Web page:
What are the recent changes to the Shared Ownership Scheme?
The Shared Ownership Scheme was introduced in the 1980s, but recent changes have been made since April 2021. This scheme offers people the opportunity to buy a share of their home to make it easier to climb the property ladder. To be eligible for the scheme, you must be a first-time home buyer, over 18, have a maximum household income of £80,000 or less and prove that you cannot afford to buy the property outright. The amount you purchase can range from 10% -75% and you will then have the option to purchase more shares or the entirety of the property once you are able to afford it in the future, which is known as ‘staircasing’.
This blog will discuss the recent changes to the Shared Ownership Scheme since April 2021 which include changes to the following: minimum share, staircasing and repairs and maintenance.
The minimum share in which you can purchase a shared ownership property has now decreased from 25% to 10%. This means that you can start by purchasing only 10% of the property and renting the remaining 90% which makes it easier to get on the property ladder.
Staircasing refers to the gradual process of purchasing more shares until you reach 100% ownership of the property. Previously, staircasing had to start from 10%, but this has changed, and people are now able to staircase from 1% increments; this offers greater flexibility for those with a smaller budget.
However, it is important to note that you will be responsible for paying any legal fees and mortgage fees every time you decide to staircase. Due to the excessive costs, it is recommended that individuals save up and staircase in one go as opposed to instalments.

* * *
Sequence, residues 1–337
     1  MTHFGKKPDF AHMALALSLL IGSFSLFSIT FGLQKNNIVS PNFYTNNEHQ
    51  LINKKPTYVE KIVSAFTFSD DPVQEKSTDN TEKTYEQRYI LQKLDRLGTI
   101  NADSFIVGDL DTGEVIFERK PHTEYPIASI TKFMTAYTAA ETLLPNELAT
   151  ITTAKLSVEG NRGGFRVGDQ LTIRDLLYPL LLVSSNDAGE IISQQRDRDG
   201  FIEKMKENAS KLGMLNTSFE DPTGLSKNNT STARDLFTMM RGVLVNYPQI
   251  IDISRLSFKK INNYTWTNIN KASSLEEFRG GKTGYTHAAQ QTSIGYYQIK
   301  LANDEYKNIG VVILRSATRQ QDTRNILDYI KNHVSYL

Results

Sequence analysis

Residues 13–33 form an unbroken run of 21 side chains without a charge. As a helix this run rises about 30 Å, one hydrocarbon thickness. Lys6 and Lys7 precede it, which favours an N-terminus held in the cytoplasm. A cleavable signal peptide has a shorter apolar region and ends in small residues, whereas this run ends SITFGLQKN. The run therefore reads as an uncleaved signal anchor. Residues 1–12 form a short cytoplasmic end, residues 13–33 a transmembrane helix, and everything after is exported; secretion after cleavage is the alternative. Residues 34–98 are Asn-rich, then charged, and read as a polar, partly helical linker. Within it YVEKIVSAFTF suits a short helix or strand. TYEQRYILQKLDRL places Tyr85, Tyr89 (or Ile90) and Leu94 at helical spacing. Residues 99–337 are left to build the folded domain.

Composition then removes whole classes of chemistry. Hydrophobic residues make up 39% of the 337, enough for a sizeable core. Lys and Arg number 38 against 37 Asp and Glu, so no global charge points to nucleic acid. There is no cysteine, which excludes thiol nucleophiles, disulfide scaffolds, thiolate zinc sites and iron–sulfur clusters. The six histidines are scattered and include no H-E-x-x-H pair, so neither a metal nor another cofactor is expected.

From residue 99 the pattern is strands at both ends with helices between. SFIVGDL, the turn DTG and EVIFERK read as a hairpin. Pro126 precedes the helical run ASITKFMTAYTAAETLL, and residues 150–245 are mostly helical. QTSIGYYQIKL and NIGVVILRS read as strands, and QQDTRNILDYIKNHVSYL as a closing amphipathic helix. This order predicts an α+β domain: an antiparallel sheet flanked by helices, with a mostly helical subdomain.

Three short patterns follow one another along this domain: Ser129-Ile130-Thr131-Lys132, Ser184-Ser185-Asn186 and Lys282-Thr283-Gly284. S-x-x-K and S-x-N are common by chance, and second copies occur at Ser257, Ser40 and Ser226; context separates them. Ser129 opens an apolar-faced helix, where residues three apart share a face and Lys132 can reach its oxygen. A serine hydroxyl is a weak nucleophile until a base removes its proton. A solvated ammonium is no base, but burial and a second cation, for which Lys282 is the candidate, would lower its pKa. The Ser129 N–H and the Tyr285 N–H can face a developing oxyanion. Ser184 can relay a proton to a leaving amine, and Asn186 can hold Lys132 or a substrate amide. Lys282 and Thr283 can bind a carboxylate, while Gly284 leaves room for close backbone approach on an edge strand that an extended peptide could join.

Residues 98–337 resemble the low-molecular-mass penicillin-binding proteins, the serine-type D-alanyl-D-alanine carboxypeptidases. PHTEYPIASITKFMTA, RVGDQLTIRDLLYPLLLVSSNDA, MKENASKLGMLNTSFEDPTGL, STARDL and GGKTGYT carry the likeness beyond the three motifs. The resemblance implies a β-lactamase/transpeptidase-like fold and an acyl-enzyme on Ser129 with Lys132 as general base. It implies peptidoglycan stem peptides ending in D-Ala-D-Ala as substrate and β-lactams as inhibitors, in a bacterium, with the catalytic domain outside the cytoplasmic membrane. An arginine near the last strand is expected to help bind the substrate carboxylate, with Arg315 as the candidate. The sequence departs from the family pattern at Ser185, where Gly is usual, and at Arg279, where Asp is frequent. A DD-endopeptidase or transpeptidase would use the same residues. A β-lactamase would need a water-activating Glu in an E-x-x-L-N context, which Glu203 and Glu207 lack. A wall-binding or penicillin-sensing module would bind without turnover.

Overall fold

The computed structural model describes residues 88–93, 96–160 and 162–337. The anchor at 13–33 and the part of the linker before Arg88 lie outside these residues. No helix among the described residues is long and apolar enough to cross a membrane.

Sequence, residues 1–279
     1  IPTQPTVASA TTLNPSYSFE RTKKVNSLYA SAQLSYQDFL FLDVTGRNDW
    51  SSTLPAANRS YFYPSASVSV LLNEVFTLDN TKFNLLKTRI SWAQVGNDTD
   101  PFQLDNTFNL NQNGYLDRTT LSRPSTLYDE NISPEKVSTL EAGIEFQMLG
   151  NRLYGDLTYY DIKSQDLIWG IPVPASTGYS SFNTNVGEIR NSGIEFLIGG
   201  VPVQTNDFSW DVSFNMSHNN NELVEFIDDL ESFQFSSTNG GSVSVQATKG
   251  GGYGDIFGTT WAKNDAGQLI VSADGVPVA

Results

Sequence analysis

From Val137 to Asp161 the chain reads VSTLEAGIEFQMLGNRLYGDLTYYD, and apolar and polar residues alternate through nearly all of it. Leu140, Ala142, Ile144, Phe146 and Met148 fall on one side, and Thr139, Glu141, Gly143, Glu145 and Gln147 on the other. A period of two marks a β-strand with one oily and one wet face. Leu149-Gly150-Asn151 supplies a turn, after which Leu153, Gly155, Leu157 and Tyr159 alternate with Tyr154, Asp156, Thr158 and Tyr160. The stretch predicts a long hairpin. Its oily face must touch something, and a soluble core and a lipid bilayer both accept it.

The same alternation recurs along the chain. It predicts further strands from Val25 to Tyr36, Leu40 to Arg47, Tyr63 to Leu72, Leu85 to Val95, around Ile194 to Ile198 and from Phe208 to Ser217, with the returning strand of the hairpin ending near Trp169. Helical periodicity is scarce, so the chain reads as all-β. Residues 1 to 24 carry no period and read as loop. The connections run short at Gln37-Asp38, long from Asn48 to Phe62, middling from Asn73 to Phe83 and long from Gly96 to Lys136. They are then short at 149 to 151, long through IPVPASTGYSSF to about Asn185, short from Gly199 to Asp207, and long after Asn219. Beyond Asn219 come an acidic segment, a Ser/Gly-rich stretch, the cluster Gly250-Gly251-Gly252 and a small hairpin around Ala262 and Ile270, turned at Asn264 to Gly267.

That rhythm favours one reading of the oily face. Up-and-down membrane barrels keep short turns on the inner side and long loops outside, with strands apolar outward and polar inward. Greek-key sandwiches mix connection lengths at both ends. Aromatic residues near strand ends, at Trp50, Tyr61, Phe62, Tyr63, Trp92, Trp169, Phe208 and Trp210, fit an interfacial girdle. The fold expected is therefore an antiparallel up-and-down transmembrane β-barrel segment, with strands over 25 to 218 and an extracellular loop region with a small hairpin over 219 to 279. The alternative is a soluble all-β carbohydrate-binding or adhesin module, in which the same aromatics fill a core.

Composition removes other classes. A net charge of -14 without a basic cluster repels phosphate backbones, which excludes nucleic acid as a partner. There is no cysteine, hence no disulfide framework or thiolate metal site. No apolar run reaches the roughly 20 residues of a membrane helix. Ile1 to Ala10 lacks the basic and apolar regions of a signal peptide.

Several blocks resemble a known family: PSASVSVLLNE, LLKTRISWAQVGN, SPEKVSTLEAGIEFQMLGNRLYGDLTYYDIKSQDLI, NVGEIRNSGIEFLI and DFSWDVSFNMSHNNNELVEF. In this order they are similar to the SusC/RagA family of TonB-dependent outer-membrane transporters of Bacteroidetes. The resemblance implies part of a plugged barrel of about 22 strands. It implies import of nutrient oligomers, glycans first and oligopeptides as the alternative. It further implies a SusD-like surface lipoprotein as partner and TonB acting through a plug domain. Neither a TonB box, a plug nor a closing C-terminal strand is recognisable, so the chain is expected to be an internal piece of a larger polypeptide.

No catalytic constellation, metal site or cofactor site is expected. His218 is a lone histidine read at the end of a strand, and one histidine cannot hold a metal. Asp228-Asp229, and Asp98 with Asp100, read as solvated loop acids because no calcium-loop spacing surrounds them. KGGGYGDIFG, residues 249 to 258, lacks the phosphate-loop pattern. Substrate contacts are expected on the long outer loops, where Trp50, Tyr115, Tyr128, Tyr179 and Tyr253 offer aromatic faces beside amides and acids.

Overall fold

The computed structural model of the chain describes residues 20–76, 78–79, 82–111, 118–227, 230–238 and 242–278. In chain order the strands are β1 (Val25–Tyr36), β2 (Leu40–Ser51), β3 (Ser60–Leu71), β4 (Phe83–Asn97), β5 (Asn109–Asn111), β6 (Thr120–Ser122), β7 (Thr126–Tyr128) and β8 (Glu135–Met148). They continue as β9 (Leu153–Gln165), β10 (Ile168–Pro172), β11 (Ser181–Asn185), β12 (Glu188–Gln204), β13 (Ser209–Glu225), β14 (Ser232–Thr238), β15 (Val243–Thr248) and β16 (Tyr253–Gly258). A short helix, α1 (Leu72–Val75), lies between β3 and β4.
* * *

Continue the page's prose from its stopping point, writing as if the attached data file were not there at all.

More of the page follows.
Repair and maintenance:
Shared owners are responsible for paying for any repairs such as boiler issues or leakage, however, one of the most positive changes that the government has introduced within the Shared Ownership Scheme is that the property owner or housing association will be responsible for repair and maintenance costs related to external or structural repairs but do not cover internal repairs. Regarding internal repair and maintenance, you can now claim up to £500 per year which is available on new build properties for up to 10 years. If you do not use all the £500, then it rolls over to the next year. It is important to be aware that you must prove that there is an issue and that you were not the cause of it. Additionally, if you staircase to 100% of the property before that time, then the housing association are no longer responsible for repair and maintenance costs.
The Shared Ownership Scheme and the recent changes that have been made have been positive. This scheme makes it easier and quicker to get onto the property ladder, especially for first time buyers. It is important, however, to consider the recent changes and to check whether you are satisfied with the rules of the housing association before joining the scheme.
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